Sorry for this rant, but as you might geuss by now, I HATE over-simplifications because I think they do more to distort the truth instead of telling the truth.
  • kdshapirokdshapiro Posts: 5,751
    I couldn't agree more with your thoughts in the post. One reason why I find JD Powers not valuable as a resource in determining predicted future reliability. CR is better at presenting the information, if you know their methods. But to really understand if a model will be reliabile one has to know if there are any quality issues with the product in general, eg. Toyota sludge or Acura transmission.
  • scape2scape2 Posts: 4,119
    "The large percentage of owners are happy, but it's the vocal minority who gets the coverage, and this will eventually affect Toyota. "

    Gee doesn't this sound familiar?? :sick:
  • scape2scape2 Posts: 4,119
    Didn't the Accord just go through a face lift a year ago??
  • backybacky Twin CitiesPosts: 18,710
    More like a butt-lift, but it did have some tweaks last fall. It's still the same design that has been with us since the fall of 2002 though. Since then, many cars in this class have debuted or been redesigned. The Accord has held up well, but competition has improved greatly. In years past you didn't see Accords selling for way under invoice like they do now.
  • It got a face-lift like the Escape got a facelift a few years ago; only superficial things were changed (minor updates to the instrument panel, completely new taillights, new chrome grill). The car itself is just like the 2003-2005.
  • scape2scape2 Posts: 4,119
    I looked at an 05 and compared it to an 07. The front is way different and the rear is also different. Interior in the 07 has also changed. You call this "just a face lift"??? For a car to change, I guess your looking for new suspension/engine/trans/ ect?? is this what you mean by superficial things? Upon comparison the change from 05 to 07 is significant cosmetic wise.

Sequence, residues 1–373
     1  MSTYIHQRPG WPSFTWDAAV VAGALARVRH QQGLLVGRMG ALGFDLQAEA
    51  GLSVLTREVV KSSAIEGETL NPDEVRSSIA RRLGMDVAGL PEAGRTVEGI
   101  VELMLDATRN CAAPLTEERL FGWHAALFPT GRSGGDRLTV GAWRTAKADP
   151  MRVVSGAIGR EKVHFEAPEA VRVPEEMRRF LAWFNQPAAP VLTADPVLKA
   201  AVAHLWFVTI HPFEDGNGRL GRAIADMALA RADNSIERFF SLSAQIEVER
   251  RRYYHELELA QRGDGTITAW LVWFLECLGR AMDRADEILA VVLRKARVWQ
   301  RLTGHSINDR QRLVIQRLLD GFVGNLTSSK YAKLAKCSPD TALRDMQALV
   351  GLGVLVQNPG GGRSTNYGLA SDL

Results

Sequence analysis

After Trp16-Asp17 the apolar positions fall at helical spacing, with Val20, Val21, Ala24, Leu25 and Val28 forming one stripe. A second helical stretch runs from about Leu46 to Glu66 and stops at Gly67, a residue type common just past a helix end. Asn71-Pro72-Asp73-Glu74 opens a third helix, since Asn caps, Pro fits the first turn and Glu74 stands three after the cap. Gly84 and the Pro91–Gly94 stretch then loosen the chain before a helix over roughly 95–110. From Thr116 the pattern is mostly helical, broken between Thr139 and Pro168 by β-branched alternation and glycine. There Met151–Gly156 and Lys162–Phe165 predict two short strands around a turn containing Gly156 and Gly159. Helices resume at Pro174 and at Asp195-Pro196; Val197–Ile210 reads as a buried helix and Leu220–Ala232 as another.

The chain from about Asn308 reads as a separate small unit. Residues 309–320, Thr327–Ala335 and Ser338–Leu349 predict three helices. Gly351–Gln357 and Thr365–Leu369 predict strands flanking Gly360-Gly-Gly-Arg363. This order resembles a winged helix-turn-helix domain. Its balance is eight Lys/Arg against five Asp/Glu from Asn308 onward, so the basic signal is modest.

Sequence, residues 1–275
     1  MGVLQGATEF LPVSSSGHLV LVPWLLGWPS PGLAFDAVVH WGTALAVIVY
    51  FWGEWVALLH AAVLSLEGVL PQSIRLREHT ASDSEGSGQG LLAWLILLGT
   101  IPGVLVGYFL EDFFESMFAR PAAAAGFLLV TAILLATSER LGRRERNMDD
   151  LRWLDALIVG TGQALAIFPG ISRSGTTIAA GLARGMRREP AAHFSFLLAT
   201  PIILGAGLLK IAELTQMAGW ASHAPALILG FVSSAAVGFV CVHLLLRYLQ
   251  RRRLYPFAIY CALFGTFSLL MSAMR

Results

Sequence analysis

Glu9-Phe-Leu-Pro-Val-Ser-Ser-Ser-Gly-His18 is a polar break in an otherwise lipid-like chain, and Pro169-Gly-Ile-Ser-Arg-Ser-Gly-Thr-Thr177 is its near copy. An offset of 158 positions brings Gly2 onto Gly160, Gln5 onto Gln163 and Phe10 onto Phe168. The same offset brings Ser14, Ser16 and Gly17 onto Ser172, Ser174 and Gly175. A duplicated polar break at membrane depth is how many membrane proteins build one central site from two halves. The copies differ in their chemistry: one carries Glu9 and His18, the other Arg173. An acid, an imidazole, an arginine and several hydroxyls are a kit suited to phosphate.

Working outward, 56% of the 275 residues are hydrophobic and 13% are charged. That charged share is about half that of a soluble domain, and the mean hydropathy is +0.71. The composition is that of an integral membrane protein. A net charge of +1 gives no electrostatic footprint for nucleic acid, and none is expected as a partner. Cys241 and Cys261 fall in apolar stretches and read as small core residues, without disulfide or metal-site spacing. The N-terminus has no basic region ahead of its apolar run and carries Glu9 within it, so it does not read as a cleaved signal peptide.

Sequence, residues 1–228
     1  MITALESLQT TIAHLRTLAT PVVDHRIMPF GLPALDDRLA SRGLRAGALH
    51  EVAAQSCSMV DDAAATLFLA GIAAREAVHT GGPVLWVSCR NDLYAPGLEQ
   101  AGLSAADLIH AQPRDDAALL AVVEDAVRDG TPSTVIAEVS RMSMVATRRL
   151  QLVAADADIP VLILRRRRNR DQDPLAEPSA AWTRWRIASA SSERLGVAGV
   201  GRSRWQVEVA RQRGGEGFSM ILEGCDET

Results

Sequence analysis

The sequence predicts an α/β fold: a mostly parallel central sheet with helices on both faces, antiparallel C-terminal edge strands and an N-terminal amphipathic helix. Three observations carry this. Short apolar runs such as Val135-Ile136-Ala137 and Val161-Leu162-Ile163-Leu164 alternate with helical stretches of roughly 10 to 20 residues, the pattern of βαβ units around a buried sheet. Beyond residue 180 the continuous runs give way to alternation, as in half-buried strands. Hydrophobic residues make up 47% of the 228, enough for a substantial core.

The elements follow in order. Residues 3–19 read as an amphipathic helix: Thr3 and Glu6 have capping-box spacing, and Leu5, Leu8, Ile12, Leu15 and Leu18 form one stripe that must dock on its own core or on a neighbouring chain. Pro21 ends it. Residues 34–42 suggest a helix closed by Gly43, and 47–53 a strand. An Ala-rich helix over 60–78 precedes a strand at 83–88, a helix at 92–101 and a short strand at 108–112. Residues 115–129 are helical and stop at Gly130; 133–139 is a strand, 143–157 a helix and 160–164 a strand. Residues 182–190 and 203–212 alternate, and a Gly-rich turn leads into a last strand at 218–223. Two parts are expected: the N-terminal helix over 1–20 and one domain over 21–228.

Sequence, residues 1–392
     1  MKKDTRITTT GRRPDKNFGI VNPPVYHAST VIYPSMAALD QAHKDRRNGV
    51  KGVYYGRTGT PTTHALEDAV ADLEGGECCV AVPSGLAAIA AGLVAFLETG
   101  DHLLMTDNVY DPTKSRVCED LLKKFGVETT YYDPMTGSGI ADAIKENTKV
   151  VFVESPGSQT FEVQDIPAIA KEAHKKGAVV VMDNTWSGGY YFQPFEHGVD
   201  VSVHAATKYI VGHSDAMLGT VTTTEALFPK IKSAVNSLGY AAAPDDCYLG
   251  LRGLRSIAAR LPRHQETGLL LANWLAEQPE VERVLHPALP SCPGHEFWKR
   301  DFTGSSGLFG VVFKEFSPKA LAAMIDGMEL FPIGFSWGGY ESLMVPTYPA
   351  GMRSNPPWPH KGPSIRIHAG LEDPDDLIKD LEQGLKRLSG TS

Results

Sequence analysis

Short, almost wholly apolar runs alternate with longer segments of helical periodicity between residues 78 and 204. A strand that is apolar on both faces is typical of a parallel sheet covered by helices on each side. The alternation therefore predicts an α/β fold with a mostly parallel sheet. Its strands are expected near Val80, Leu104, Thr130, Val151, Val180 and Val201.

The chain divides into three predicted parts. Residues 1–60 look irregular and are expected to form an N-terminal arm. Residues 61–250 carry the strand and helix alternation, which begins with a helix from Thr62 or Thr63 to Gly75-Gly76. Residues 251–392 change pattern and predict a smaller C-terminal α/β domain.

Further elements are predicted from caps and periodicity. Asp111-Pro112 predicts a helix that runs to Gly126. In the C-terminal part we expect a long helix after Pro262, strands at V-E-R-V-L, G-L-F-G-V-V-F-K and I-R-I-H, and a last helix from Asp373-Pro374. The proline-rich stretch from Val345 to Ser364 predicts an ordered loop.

• Interior in the 07 has also changed. You call this "just a face lift"???

    Yes, i do.

    image

    image

    I fail to see a large upgrade/change from one over the other. Different color pointers, a revised badge on the steering wheel... Yeah, superficial is what I'd call those changes.

    I said the rear-end treatment was more significant, but it didn't change how "old" the car is (it is the same basic car as debuted in fall of 2002).

    I looked at an 05 and compared it to an 07. The front is way different

    Way different?

    The front: only very SLIGHTLY updated with a bumper revision and a new strip of chrome. Even the headlights go unchanged.

    image

    image
  • Another example of a redesigned rear being "just" a facelift, exactly ten years before the model we were discussing...1996 also brought new seat fabric, upsized wheels/new covers on LX models, and new color options, as well as a new grille treatment on the 4-cylinder models (to match the 1995 V6 models).